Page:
Introducing Resty Farmer, author of A Teenager Called Nene San

“I was not happy with the publisher of my first Book. I decided to do an extensive search for a good publisher..and finally decided to send my manuscript to Outskirts Press. First time I submitted my manuscript, I was surprised and happy to received a very friendly e-mail from Brent Sampson, President/CEO, Outskirts Press, Inc. He stated that he was just checking to make sure everything was going smoothly…But if I had specific concerns, he would get involved. I was so impressed to received such friendly e-mail from the President of Outskirts Press. I am very proud to have Outskirts Press as my publisher! I want to thank all members of the Outskirts Publishing Team, the Production and Author Support departments. Everyone of them are so nice and friendly. Jamie,the Publishing Consultant, was there to answer my questions and made it easy for me through the entire process. Lisa, from the Manuscript Review Team, I thank her also for the excellent review of my book. Brie, my Author Representative–I am also very grateful for her suggestions and she guided me to make my book convince the reader to buy it. She was so nice and very friendly. I would like to extend my profound gratitude for the outstanding service to all the Publishing Team and Marketing Dept. As a published author of 2 books, if there are writers or authors out there searching for an excellent publisher, I highly recommend Outskirts Press as the best!”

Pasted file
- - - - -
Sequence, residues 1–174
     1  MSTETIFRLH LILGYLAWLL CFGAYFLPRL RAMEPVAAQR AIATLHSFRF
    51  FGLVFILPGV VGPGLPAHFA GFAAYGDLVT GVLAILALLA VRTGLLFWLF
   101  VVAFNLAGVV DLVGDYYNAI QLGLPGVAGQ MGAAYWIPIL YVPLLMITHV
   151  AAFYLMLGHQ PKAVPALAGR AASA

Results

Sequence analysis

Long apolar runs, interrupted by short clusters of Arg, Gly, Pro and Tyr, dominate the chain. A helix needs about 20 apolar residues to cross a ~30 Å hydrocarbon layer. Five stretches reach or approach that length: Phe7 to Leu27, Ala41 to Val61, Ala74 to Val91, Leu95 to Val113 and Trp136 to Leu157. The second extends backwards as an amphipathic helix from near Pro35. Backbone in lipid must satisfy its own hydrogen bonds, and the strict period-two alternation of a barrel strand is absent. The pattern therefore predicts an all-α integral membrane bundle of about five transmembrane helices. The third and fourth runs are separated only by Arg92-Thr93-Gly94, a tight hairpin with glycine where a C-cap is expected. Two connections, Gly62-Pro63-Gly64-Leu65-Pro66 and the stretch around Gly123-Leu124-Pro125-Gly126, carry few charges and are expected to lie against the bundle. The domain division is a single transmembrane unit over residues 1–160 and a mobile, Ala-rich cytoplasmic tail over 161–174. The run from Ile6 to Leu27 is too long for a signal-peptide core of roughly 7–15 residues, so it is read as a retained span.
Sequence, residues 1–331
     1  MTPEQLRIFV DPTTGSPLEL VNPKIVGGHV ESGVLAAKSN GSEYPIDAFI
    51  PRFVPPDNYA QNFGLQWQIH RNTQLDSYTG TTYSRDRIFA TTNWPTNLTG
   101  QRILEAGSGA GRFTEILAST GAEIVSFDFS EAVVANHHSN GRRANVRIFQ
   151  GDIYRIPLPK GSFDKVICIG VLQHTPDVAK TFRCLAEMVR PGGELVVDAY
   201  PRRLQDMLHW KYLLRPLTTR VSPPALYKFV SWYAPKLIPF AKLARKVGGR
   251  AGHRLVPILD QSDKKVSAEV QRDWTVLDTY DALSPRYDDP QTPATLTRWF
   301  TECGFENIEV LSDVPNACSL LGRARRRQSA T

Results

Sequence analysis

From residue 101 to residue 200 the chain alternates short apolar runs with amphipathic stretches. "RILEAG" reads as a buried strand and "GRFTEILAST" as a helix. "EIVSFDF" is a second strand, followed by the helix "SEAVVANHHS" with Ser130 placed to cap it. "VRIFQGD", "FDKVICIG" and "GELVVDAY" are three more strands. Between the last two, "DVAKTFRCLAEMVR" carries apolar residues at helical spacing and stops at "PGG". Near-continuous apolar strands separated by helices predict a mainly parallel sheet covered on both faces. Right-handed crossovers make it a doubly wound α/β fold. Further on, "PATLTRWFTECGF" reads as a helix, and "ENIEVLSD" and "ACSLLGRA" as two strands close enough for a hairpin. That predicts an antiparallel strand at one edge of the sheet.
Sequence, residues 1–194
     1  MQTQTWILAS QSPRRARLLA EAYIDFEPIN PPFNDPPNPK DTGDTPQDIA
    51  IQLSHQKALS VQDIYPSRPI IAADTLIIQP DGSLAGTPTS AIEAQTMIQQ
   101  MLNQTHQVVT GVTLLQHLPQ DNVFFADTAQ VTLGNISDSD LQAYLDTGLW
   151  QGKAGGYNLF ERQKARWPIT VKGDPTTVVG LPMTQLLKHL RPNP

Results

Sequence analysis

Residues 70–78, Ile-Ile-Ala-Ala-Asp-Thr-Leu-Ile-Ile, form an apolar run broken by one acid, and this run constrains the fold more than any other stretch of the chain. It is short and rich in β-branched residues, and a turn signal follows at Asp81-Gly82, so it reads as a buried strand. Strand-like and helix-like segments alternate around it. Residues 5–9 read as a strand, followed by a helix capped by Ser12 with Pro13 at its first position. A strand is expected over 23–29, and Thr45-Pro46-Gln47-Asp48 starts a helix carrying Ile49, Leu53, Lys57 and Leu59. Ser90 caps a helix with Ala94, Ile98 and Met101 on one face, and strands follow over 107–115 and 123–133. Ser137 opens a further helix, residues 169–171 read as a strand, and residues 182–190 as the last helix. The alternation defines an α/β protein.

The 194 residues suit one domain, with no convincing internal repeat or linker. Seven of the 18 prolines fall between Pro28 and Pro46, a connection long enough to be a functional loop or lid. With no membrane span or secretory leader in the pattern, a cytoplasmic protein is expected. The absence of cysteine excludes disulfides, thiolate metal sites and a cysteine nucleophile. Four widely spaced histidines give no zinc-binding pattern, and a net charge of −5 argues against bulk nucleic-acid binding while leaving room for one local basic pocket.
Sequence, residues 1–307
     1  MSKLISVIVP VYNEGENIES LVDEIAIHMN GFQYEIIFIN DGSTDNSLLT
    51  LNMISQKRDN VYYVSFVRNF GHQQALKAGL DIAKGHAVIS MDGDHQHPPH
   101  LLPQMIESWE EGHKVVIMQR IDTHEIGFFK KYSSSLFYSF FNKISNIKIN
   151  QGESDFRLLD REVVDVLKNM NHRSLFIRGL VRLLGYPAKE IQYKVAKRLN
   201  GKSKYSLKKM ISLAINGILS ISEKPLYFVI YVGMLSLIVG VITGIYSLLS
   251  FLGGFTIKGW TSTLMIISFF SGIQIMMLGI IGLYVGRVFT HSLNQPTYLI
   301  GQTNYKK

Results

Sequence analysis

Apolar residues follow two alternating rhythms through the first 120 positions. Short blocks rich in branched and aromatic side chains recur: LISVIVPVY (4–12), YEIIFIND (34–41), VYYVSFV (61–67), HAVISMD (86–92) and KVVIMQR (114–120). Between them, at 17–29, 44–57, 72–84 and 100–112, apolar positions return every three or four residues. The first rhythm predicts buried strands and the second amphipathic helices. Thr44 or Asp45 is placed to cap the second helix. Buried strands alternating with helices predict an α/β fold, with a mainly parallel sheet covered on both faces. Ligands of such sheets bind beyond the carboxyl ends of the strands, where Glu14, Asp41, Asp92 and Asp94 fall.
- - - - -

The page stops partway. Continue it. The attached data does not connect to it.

Resty Vicencio Farmer is a retired nurse from Napa California. After the war, she returned to school in Manila and later went to work as a clerk typist at the Base Supply in Clark Field Air Force Base. After six months, Drake-Utah-Grove (D-U-G) inside Clark Field Air Base, hired Resty as the Company’s Librarian. It was there she met her WW II Veteran husband. Happily married, they later moved to the United States with their four daughters; one son was born in Napa, California.


Product description…

This is a true story of a teenager called Nene San by the Japanese during World War II in the Philippines. She was 15 years old, a student at St. Paul’s College Catholic School for Girls and living with her grandparents in Manila when the Japanese invaded the Philippines on December 10, 1941. Originally from Concepcion, Tarlac in the Philippines, she learned to speak the Japanese language, besides her own dialect (Pampango), Tagalog (the national language) and English. She witnessed the American flyer shot down by the Japanese during a dogfight and who was brought in front of their house. It took her 42 years searching for the family of the downed American flyer. As a teenager, she was pressed into service as an interpreter during the Japanese occupation. During liberation, she also interpreted for the American forces until the end of war. Nothing can be worse than war!

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